It sometimes happens that one partner in a relationship has to fight insecurities in their head and a distorted body image, while the other frequently and openly comments on their appearance with sincere praise. If the partner is not aware of the problems of their loved one, they may unconsciously touch upon this sensitive topic, e.g. the above-mentioned thighs, in intimate situations. “It's good to ask if we notice any tension related to body issues. We could say: “I see that whenever I comment on your thighs, you act weird. Is it OK for you if I talk about them?" If your partner asks you to stop commenting on this part of the body, you should respect that, but not forget about the topic forever”, says Pozdał. As he emphasises, you’re dealing with a real person who has their own needs – if talking about your adoration of your partner's body is important for them, you should come up with a common solution.
The type of such a solution depends on our own creativity. Some people turn off the light while having sex, cover themselves, stay in their clothes or use blindfolds. However, the sexologist stresses that these solutions are good for people who are facing a temporary crisis, for example due to sudden changes in their appearance after illness or birth. One should be careful not to allow such solutions to become a permanent part of the relationship, as it may lead to break up. “I've dealt with couples where the man couldn’t enter the bathroom when the woman was naked unless she was in the bathtub under a thick layer of foam. There was also another couple who had been together for 10 years, but the man had never seen his partner completely naked. The other party would often like to see, touch and caress their partner’s body and it’s important for them”, he adds. He also points out that the introduced solutions must not enhance the already existing insecurities. “When it comes to people who have body issues, their need for control is very often increased, which is accompanied by great anxiety. Tricks such as blindfolds may trigger anxiety and make it impossible for the person struggling with insecurities to fully relax.”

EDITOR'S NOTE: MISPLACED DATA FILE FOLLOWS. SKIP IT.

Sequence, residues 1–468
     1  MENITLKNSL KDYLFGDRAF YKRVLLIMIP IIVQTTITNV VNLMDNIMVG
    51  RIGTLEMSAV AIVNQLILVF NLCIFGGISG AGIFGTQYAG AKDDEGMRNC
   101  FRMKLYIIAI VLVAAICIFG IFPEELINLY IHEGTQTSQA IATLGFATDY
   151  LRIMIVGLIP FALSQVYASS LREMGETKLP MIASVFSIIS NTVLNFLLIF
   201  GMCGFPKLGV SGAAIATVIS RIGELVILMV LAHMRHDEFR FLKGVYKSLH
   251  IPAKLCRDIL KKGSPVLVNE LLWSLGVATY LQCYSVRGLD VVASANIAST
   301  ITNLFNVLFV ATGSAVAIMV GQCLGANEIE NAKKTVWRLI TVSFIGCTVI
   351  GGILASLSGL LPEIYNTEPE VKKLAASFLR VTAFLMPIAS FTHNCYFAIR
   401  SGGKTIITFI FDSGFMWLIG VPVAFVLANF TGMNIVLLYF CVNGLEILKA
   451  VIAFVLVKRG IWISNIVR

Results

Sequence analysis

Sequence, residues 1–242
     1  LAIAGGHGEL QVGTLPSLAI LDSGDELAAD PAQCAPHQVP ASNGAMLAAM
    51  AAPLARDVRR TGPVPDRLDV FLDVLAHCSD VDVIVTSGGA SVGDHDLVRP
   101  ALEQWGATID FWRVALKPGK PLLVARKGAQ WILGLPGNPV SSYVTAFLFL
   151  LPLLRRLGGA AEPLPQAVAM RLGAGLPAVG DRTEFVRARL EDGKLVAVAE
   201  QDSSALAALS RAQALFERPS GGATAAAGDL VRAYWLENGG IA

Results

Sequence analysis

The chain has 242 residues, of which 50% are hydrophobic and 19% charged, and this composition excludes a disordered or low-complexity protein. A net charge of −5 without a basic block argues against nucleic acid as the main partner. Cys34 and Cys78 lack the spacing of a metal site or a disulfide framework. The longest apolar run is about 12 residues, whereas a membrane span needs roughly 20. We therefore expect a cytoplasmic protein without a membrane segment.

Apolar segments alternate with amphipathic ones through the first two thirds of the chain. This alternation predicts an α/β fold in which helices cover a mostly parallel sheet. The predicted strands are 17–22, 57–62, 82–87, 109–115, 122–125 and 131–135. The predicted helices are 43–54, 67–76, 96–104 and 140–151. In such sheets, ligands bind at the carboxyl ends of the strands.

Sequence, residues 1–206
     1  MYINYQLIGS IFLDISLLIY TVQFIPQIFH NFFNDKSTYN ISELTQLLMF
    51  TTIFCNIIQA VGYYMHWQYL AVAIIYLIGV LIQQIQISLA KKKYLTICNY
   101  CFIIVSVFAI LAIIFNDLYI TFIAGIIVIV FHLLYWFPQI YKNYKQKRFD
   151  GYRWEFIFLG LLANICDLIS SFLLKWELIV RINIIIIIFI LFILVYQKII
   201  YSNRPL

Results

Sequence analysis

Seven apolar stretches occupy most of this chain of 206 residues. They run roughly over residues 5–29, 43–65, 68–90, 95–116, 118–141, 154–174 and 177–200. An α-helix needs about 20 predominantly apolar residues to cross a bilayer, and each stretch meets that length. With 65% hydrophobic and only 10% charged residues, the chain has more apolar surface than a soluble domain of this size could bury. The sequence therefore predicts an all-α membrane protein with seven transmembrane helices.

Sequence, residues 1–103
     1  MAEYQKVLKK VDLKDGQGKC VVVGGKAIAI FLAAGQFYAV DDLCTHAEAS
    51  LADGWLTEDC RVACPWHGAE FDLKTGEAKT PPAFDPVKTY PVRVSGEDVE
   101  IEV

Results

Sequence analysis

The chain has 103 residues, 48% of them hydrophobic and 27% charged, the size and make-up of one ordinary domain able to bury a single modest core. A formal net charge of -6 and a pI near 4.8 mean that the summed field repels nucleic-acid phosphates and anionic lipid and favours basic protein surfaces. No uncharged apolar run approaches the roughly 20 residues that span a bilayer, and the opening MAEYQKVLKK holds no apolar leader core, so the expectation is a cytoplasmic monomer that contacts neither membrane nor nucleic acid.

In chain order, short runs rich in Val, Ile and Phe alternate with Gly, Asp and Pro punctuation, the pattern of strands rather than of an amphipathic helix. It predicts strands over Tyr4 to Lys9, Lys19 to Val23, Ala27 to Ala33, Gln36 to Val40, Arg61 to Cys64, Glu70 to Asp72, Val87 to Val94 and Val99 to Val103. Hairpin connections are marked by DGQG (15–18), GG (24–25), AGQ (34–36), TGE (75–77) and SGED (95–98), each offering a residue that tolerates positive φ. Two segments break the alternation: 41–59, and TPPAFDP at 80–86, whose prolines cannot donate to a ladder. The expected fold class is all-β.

In the meantime, it may turn out that switching on the light in the bedroom in spite of our own insecurities may prove salutary for the body image in the context of our relationship. In the film I Feel Pretty, the woman struggling with insecurity, played by Amy Schumer, wakes from a fall believing she is the most beautiful and capable person on the planet despite her extra pounds. Contrary to expectations of how women like her may behave, she goes naked to seduce her shocked partner and insists on turning on the bedroom lights while having sex. According to Michał Pozdał, this scene perfectly shows that even though physical appearance is important to many people, our own conviction about our attractiveness is more important. “It always works – other people will also believe in this attractiveness and will actually see it. People who break the conventional beauty standards set by media, who are convinced that they look great no matter what, and who are in contact with their sexual energy are attractive”, says the sexologist. And he adds, “If we believe there is something wrong with our body, we non-verbally communicate this message to other people. We learn to hide it and embarrass ourselves. And, unfortunately, these are mostly women who intimidate themselves. Once I saw a theatre piece. Suddenly a beautiful actress entered the stage wearing a very short skirt. You could hear men sighing in the audience. Meanwhile, during the interval, I heard a woman talking to her husband: “She shouldn't be wearing such skirts with thighs like that".”
If there are favourable conditions, such intimidating comments about our appearance are ingrained, often since childhood, and translated later into our relationships with our bodies. The sexologist said that although we blame the media and show business for body shaming, when women come to his office, they do not complain about the images of women in commercials or Kim Kardashian, but about specific people from their immediate surroundings who have not shown appropriate sensitivity. “They talk about their parents and messages communicated within the family. For example, a mother who used to apply blush to my patient's cheeks when she was seven years old would say: “You are pale as a sheeted corpse". Another woman was constantly criticised by her parents for her looks, how much she ate and how she behaved, so, when as an adult woman, she would go home for Christmas, she felt her pounds increasing with every kilometre”, says Pozdał. According to the sexologist, a very important part of sexual education concerning body acceptance starts from an early age at home. “When we watch TV with children and somebody says: “This actress is an old hag, she shouldn't be on TV any more", that's sex education in terms of body image. The children who hear such comments about the body and physical appearance, instantly absorb them, especially adolescent girls”, he adds. However, as Michał Pozdał emphasises, the above does not concern only girls: “Boys also learn what an ideal woman should look like, based on what their mothers say about their own appearance and the appearance of other women. Speaking of physical appearance in the presence of our children has great influence on their attitude towards the body in the future.”